The aid competition now looks decidedly one-sided. The windfall from the Gulf enabled Egypt to decline a $4.8 billion loan from the International Monetary Fund. The grant from Russia, plus a sharp reduction in the price Russia will charge for natural gas, allowed Ukraine to reject a $4 billion package from the International Monetary Fund (IMF).
It’s not just a matter of size, but also efficiency and speed. The wonderful thing about authoritarian states is that when a paramount leader decides to spend the country’s money, the check can be in the mail next day. Western governments, by contrast, dithered for years over how to extend significant assistance to Egypt’s civilian government. Prompt action might have done a world of good for the shaky legitimacy of President Mohammed Morsi.
And then there’s the quid pro quo. The IMF and the European Union wanted Ukraine to clean up the rampant corruption and dysfunction that has plunged the country into economic crisis. The IMF demanded that Egypt increase revenue and reduce fuel subsidies. To have given the money without the accompanying demands would only have encouraged more reckless behavior. But only regimes with very strong popular support can afford to demand such painful sacrifices from their citizens.
Morsi seriously considered concluding a deal with the IMF, but then backed off. Had he agreed, he might have been forced from office even earlier than he was. The Gulf states, of course, gave Egypt’s generals the money with no strings attached, as Putin did to the “sister nation” of Ukraine. They were reinforcing behavior, not trying to change it.
The one Western institution with the power to make its demands stick is the European Union, which is prepared to provide tens of billions of dollars in order to prevent weak members like Greece or Spain from leaving the union, and thus has been able to exact painful sacrifices from both.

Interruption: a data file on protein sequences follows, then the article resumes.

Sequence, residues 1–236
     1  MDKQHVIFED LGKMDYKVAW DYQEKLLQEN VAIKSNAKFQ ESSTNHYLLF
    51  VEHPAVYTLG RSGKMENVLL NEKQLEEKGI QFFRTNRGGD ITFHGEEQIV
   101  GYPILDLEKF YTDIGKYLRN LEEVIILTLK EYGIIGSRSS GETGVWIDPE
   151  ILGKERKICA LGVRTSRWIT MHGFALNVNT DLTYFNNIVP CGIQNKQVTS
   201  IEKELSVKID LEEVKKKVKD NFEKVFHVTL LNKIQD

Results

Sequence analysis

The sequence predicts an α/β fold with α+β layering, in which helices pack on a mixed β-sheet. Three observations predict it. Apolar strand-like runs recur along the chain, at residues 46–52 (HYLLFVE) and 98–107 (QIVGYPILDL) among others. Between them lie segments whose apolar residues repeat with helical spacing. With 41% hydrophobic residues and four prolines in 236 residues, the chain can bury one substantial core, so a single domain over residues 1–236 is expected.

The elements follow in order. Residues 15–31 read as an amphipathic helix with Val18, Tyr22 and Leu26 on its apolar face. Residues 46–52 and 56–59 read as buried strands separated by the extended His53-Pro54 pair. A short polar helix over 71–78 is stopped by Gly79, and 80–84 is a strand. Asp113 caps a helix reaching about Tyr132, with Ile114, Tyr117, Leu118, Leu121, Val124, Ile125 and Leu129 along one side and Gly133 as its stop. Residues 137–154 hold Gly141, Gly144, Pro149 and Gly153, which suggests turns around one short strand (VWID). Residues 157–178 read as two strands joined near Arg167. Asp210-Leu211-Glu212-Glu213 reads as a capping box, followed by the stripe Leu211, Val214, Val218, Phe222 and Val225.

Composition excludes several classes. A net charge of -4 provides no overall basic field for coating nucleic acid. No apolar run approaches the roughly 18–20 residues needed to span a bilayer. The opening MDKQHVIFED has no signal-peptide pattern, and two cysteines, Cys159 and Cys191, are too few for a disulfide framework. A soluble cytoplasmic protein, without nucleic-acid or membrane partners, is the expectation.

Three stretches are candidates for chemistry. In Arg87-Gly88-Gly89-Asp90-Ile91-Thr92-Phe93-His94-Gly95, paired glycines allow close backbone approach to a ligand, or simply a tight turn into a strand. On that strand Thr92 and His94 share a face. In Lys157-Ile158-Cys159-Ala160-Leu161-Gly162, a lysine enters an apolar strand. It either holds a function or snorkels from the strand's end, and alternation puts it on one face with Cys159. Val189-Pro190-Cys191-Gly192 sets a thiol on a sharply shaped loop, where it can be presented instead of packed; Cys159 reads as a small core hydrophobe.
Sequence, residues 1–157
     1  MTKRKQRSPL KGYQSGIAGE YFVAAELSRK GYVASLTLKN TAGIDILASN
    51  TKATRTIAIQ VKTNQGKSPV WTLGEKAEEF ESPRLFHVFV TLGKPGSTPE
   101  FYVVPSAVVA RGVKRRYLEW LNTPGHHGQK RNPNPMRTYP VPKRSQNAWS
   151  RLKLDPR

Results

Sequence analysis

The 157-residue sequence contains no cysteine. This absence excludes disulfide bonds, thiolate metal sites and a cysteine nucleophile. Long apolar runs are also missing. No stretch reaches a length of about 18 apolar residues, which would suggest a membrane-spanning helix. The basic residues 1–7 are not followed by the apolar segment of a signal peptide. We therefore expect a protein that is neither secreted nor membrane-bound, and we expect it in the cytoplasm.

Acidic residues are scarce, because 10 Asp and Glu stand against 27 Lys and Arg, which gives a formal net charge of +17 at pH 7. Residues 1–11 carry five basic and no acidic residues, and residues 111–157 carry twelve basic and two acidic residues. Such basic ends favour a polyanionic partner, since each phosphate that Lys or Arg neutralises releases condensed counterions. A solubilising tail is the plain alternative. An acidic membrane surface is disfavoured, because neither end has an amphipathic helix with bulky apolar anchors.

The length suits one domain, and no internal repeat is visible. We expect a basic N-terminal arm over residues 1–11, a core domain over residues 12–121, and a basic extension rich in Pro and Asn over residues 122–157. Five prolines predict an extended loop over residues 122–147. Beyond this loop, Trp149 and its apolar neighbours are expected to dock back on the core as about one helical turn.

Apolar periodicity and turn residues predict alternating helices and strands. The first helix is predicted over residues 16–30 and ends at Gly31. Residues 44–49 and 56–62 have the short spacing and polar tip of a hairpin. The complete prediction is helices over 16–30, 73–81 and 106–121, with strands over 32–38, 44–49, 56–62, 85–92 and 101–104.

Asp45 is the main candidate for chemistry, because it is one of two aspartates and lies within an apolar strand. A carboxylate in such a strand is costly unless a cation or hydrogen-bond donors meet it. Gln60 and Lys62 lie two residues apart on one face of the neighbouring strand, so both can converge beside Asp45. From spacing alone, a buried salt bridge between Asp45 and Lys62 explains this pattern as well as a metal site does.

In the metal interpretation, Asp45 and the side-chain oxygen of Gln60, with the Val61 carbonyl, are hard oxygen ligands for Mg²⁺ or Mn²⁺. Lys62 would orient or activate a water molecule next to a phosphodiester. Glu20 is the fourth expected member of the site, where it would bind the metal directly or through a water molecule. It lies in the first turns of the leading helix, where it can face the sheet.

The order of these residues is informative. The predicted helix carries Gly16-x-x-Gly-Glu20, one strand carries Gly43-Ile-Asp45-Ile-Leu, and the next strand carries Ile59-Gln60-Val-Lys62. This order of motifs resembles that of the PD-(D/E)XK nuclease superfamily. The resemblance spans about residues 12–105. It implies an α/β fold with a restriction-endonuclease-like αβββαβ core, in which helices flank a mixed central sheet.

Because of the sums involved, and because of the immense advantages of membership, the European Union is unique in its capacity to shape desirable behavior both among member states and aspirants to membership. Indeed, what has been extraordinary about the drama in Ukraine is that Russia has managed to trump the one Western institution which truly has adhesive power.
You’d like to think that a rational citizen would choose Western aid, even with all the encumbrances, over the autocratic quick fix. That assumes that the bitter medicine offered by the West will ultimately cure what ails weak states.
There is actually not much evidence that this is so. In a 2003 paper, the development economist William Easterly compared the top 20 recipients of IMF and World Bank “structural adjustment loans” between 1980 and 1999 to a developing country sample and found that the economic outcomes of the two groups were indistinguishable.